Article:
Part One: Standing for Election

Part Two: In the States

Part Three: Everything Else

What if I’m not comfortable with IT?

There are valid reasons you might not be comfortable with IT. You might need a reasonable adjustment to make it accessible to you. (As I said before, this is your right – you are entitled to request it, to expect it to be provided within a sensible timeframe, and to have the cost covered.) Or perhaps you don’t come from an office job, and you’re not used to using IT to manage your work life.

As you’ve probably already discovered on the campaign trail, a lot of your work will inevitably be done via email (or otherwise online). I’m not sure you can be a Deputy and be completely disconnected from tech now. But the kind of things you need to do – handle emails, read papers, make notes – are not technologically complex. If you’re willing to give it the time, you will find that you learn how to do them competently enough before long.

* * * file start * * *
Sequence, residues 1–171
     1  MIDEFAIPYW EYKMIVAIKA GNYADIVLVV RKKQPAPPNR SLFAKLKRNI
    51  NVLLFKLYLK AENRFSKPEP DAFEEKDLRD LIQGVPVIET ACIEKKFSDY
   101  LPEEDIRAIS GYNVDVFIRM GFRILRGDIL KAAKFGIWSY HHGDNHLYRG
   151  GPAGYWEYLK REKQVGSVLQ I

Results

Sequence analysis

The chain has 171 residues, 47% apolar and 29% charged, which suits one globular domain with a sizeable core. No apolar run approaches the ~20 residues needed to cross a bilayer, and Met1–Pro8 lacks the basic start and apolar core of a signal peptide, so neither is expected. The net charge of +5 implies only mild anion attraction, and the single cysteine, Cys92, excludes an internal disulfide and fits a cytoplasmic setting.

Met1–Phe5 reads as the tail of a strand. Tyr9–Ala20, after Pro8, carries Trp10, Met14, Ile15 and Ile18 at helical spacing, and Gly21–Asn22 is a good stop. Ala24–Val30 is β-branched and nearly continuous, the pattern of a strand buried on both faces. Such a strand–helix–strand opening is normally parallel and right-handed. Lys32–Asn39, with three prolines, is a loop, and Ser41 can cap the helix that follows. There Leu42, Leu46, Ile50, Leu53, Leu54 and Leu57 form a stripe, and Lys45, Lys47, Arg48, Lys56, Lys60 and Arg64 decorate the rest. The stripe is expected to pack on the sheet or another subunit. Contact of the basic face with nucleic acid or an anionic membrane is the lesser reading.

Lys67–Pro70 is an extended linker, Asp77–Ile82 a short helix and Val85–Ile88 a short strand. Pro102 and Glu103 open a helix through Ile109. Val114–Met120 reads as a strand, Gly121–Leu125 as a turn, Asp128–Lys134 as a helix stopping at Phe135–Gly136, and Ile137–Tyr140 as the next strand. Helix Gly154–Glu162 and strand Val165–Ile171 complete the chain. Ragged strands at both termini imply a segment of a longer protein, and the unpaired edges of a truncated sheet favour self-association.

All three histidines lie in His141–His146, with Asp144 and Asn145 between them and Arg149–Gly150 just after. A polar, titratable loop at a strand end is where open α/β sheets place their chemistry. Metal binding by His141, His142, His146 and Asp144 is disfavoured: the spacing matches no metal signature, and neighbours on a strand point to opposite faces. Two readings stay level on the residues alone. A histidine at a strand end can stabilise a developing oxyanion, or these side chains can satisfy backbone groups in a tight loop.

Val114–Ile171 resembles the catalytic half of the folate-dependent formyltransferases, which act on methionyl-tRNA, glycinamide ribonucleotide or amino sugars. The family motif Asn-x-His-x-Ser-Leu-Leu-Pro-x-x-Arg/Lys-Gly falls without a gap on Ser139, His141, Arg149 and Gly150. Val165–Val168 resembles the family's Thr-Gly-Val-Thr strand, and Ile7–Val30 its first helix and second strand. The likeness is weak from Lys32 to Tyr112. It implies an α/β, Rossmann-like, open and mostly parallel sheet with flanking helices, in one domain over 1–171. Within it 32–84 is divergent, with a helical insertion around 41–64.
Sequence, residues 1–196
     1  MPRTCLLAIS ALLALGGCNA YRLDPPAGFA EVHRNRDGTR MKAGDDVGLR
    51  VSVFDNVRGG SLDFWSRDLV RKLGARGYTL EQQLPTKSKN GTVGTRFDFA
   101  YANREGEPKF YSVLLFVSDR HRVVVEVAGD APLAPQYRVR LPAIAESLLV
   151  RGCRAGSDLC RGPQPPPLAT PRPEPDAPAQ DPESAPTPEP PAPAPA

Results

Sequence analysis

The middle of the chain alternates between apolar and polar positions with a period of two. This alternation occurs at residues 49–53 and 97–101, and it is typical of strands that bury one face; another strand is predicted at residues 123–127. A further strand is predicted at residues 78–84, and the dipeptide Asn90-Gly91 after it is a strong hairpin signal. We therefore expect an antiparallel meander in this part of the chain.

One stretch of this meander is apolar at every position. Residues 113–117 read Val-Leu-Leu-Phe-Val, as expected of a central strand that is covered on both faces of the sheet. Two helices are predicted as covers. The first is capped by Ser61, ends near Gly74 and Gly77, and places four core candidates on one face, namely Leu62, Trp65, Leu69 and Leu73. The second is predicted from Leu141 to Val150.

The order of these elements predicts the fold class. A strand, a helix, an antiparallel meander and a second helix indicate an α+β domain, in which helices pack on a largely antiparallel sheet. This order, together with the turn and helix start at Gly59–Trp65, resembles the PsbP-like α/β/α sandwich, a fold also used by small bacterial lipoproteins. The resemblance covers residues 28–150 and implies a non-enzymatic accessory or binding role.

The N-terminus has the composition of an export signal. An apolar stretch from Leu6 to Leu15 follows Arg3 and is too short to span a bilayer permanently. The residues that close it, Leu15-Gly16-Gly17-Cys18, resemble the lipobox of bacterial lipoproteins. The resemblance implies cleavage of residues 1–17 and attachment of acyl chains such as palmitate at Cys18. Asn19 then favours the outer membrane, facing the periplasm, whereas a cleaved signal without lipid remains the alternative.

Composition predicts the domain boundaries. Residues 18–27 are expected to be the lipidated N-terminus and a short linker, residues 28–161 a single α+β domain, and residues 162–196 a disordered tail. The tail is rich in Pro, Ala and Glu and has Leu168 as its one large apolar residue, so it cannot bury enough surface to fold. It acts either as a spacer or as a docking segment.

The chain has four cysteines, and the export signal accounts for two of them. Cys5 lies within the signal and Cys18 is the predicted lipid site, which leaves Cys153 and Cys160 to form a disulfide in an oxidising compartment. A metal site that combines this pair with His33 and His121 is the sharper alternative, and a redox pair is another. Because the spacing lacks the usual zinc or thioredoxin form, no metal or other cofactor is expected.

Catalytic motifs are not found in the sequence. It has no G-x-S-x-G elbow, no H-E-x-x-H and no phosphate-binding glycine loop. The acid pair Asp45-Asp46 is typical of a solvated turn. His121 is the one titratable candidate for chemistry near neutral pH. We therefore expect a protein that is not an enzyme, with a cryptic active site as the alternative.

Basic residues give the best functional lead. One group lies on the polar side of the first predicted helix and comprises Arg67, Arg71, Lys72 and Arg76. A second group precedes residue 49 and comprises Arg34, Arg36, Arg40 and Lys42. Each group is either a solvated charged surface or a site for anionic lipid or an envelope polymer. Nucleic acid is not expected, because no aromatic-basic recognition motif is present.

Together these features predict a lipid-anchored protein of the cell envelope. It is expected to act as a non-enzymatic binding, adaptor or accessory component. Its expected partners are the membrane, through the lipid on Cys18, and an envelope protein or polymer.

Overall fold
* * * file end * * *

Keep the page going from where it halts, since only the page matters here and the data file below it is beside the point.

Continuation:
The one thing there’s no excuse for is being a Luddite! You don’t have to actively like tech, or its role in your new life; you just need to put enough effort in to be able to do the core functions of your job to a decent level. Don’t refuse to engage with it – that’s just poor form.

But it’s okay to feel out of your depth, and to ask for help, either from civil servants or from your colleagues. The thing to know about IT is that there is almost always a shortcut. If something is taking too much time or feels really inefficient to you, there’s probably a faster way of doing it, and someone you work with probably knows what it is. Don’t be afraid to ask!